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From Jonathan Moss <>
Subject Re: Efficient view design question
Date Mon, 27 Oct 2008 13:08:19 GMT

That makes sense :)

As for using the include_docs parameter that is certainly one option. I 
also believe I saw something mentioned a while ago about being able to 
retrieve multiple docs from a single get request by providing a series 
of Ids. Was this just in discussion or does it already exist since I 
figure if I already have the Ids then I do not need to use a view for this?


> Jonathan,
> First off to alay your main concern, view indexes are not completely
> regenerated on each update. Its only a diff.
> So, given we have a database with some built view. If a document X
> changes in the db, the view serer deletes any rows in the view that
> came from doc X, then runs the map view with the new version of the
> doc adding back any of the rows.
> In this method, each time you request a view, its only updating the
> data that's changed since the last view request.
> Other than that, as you point out, emitting the entire doc isn't
> overly efficient. Things to consider are the relative recent addition
> of the include_docs parameter. Also, there's a wiki page on working
> with hierarchal data that's got some good ideas.
> HTH,
> Paul Davis
> On Mon, Oct 27, 2008 at 7:20 AM, Jonathan Moss
> <> wrote:
>> Greetings all,
>> I am currently writing a set of classes to handle php object model <->
>> CouchDB. The PHP objects are hierarchical and I have modelled this as
>> essentially a doubly linked list. So that every document within DouchDB has
>> a 'Children' array and a 'Parents' array. These arrays contain the Ids or
>> related objects.
>> I already have a couple of map functions to retrieve children and parents:
>> "childrenOf": {
>>      "map": "function(doc) {for(var idx in doc.Parents)
>> {emit(doc.Parents[idx], doc);}}"
>>  },
>>  "parentsOf": {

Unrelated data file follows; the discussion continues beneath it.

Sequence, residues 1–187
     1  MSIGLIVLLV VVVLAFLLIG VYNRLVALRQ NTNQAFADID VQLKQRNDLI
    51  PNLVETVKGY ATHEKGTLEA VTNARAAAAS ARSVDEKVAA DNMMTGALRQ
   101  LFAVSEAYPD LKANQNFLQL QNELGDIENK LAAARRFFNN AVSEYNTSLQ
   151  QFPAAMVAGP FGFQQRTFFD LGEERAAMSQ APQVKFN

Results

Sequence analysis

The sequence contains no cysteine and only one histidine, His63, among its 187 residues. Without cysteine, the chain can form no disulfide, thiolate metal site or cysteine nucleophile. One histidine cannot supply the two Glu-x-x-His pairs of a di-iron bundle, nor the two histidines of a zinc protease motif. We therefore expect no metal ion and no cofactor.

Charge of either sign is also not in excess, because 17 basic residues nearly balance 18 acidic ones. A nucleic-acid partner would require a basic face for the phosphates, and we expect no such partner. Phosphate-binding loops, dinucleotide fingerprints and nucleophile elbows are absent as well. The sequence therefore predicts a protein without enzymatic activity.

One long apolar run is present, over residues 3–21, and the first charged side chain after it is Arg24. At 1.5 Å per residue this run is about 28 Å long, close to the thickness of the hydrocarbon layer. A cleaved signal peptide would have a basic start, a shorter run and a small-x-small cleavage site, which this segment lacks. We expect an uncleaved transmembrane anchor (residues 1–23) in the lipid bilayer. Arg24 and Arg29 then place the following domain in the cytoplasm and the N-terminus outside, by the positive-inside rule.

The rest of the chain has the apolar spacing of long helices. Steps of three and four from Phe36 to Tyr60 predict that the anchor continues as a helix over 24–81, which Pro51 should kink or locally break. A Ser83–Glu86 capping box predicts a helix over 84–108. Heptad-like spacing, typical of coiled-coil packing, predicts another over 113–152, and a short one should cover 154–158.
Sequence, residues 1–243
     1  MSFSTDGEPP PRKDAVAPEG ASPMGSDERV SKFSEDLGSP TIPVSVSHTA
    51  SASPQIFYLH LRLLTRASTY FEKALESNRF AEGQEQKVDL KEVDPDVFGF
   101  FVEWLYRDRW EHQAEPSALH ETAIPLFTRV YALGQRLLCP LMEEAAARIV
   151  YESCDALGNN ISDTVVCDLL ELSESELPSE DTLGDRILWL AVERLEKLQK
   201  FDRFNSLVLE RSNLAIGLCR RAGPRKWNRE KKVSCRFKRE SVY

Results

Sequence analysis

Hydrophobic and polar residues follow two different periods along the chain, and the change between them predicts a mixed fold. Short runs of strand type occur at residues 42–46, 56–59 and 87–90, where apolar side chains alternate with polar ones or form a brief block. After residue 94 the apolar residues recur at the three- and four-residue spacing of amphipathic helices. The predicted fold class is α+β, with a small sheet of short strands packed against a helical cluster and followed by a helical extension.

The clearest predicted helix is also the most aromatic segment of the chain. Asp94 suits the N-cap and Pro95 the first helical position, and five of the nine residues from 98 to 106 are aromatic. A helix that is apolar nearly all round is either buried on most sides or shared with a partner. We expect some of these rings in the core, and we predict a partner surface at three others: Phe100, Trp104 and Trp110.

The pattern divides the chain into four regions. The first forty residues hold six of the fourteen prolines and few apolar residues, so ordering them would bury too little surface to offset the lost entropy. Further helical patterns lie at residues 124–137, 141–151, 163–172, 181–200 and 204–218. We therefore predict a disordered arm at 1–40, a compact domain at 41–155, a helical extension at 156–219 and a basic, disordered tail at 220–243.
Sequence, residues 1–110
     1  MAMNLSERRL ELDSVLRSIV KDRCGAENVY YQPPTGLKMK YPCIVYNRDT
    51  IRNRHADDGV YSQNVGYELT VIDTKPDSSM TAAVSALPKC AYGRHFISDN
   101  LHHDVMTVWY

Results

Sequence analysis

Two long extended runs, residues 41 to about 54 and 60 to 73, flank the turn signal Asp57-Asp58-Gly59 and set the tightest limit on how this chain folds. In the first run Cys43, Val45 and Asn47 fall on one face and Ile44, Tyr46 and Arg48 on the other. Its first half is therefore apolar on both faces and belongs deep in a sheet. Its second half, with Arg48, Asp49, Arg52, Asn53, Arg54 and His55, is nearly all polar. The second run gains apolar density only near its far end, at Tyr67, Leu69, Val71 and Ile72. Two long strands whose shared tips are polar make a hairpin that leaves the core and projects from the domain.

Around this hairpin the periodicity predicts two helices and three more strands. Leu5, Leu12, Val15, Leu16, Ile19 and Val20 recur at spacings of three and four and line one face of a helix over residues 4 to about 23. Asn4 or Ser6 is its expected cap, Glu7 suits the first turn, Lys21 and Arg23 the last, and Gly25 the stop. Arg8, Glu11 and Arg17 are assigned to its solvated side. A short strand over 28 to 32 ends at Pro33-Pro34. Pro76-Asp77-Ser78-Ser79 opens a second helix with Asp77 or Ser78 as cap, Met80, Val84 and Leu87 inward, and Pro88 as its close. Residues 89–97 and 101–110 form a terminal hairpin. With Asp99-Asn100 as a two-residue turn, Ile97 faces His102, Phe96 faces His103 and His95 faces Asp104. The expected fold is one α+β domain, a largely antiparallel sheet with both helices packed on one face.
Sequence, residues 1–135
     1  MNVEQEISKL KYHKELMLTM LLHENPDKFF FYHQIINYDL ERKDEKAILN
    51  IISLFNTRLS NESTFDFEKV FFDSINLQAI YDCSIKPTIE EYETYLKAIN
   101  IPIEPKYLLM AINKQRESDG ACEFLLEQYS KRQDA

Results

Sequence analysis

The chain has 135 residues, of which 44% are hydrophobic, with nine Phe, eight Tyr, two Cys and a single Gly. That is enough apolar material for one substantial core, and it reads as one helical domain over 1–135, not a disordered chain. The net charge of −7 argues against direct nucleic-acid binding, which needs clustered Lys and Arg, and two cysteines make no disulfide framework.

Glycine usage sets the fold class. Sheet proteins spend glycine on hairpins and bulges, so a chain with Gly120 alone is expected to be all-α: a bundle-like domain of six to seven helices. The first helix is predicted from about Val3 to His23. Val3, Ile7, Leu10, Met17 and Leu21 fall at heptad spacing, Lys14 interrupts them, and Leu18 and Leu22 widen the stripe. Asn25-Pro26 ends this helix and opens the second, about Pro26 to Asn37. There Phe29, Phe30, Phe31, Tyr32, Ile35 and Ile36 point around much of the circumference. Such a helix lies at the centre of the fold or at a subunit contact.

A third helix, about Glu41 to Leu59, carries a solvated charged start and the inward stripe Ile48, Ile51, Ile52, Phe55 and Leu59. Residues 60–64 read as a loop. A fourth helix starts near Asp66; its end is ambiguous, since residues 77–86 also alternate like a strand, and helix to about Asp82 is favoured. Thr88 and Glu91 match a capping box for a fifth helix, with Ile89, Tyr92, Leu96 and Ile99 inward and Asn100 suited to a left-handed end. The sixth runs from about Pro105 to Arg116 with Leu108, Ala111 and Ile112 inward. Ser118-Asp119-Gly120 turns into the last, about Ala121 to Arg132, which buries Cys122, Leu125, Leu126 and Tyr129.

>>      "map": "function(doc) {for(var idx in doc.Children)
>> {emit(doc.Children[idx], doc);}}"
>>  }
>> These functions return whole documents. My understanding of views is that
>> these views would have to be re-generated every time a document is added,
>> removed or updated. If this is the case then when the number of documents in
>> the database starts getting larger, the initial response time to retrieve
>> one of these views would become considerable. In a small, system where
>> writes are un-common and reads regular. This would not be an issue. However,
>> I am struggling to find more than a handful of niche applications were this
>> would be true.  In almost all web application I have written, almost every
>> request to the website will result in something (even if it is just tracking
>> data) being written to the database. On a high volume website this would
>> result in views having to be re-created almost constantly. Therefore
>> efficient view design becomes paramount.
>> The view functions shown above return the whole doc. Which is know is
>> in-efficient. In fact since I already have the document I want the
>> children/parents of, I also already have all the child/parent IDs. Would it
>> be much more efficient to simply retrieve the parent/child documents
>> individually rather than having to re-generate views all the time?
>> As a side question - Having to re-generate views constantly in this kind of
>> a situation could prove a real issue. I know that CouchDB is still pre-1.0
>> release and the developers are necessarily focusing on 'getting is right'
>> before 'getting it fast' (to coin a phrase :) but will improvements in speed
>> already on the roadmap make these worries moot except in very large
>> databases or is it always going to be an issue and therefore require some
>> clever application design?
>> e.g. keeping frequently updated data in a traditional SQL DB and only keep
>> rarely updated data in CouchDB, which would be a shame.
>> Thanks,
>> Jon

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